The French downgrade and refusal by governments to provide more credit enhancements would still reduce the fund’s lending capacity by around a third to 293 billion euros, Trevor Cullinan, S&P’s director of sovereign ratings, said last month.
“It will be interesting to see what the strategy will be regarding the EFSF,” said David Schnautz, a fixed-income strategist at Commerzbank AG in London. Downgrades could “limit the volume of AAA-rated EFSF paper that could be issued, or the EFSF could begin to issue non-AAA.”
Downgrades sometimes lack bite. The yield on the benchmark U.S. government bond fell to a record 1.6714 percent on Sept. 23, seven weeks after S&P withdrew its AAA rating for the first time, citing the nation’s political process and a failure to tackle a record budget deficit.
The impasse in Greece’s debt-swap talks comes three months since officials and creditors agreed to implement a 50 percent cut in the face value of the country’s debt, with a goal of paring Greek’s borrowings to 120 percent of gross domestic product by 2020. Unresolved is the coupon and maturity of the new bonds to determine the total losses for investors.
Proposals put forward by a committee representing financial firms have “not produced a constructive consolidated response by all parties,” the Washington-based Institute of International Finance said in a statement today. “Discussions with Greece and the official sector are paused for reflection on the benefits of a voluntary approach.”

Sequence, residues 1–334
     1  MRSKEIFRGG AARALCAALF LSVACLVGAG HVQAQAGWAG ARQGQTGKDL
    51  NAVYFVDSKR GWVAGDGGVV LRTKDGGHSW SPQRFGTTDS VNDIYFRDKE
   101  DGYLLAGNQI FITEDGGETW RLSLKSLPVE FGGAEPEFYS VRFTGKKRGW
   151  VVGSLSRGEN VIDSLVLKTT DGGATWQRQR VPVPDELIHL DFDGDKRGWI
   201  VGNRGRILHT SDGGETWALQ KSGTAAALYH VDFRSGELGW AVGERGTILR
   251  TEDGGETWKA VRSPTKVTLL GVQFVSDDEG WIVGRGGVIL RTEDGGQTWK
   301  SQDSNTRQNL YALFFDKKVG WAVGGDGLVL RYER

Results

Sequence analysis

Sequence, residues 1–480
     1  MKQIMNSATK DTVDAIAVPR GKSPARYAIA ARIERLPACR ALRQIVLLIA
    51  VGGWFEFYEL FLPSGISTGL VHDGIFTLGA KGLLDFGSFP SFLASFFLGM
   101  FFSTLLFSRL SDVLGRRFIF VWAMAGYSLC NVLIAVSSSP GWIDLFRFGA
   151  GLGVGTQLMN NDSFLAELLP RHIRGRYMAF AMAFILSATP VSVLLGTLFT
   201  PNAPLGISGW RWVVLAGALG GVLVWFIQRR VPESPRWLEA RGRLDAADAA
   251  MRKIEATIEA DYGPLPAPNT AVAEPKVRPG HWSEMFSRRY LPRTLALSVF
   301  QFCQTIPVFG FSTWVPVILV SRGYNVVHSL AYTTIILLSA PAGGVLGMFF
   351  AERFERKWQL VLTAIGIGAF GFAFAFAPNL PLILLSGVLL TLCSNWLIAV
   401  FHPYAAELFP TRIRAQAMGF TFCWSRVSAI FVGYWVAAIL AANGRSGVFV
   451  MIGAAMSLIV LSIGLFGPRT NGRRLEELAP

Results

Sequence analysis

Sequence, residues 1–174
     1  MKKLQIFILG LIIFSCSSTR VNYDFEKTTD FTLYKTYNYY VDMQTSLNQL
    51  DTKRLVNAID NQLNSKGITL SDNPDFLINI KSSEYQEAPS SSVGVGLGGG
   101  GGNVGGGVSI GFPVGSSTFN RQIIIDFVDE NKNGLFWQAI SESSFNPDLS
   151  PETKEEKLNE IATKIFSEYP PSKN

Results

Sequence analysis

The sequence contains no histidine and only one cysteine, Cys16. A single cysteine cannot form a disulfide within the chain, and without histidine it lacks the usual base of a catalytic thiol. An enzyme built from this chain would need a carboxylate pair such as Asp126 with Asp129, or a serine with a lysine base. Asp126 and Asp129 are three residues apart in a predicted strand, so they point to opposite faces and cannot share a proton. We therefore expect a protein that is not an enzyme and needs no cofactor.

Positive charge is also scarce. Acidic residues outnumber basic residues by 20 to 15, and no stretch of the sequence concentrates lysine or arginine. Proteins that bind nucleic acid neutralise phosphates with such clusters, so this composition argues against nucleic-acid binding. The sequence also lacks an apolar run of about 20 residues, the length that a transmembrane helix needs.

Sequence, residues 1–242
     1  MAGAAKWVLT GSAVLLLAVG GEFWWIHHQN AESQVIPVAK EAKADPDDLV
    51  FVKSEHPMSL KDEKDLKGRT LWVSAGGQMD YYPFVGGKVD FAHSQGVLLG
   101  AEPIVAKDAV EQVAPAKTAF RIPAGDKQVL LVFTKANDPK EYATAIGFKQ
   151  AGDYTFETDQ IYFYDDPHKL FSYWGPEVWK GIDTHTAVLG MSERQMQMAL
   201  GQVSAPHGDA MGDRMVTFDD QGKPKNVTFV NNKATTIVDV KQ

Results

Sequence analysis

The government said the two sides will reconvene discussions in five days. European governments have been pushing for the Greek debt to carry a coupon of 4 percent, a person with direct knowledge of the negotiations said this week. Private bondholders said they would accept those terms for a period of time if they were able to get a bigger payout later as Greece’s economy recovered, the person said.
The Greek bond due October 2022 rose, pushing the yield six basis points lower to 34.36 percent at 5:20 p.m. London time. The price climbed to about 20.5 percent of face value.
The French downgrade strikes a blow to President Nicolas Sarkozy’s bid for re-election after he sought to protect his government’s creditworthiness by announcing tax increases and spending cuts. He trails his main rival, Socialist Party candidate Francois Hollande, by about 14 points in voting intentions for the second round of the election in May, according to a BVA poll for Le Parisien newspaper published Jan. 9.
Prior to S&P’s announcement investors had eased the costs they were imposing on Italy and Spain to borrow, sparking speculation the worst of the crisis may be passing. ECB President Mario Draghi said yesterday the central bank had averted a serious credit shortage and economy is stabilizing with data showing rebounds in German exports and French business confidence.
“The markets were due a pullback considering the bullishness we have seen this week looked overdone,” said Richard Driver, an analyst for Caxton FX.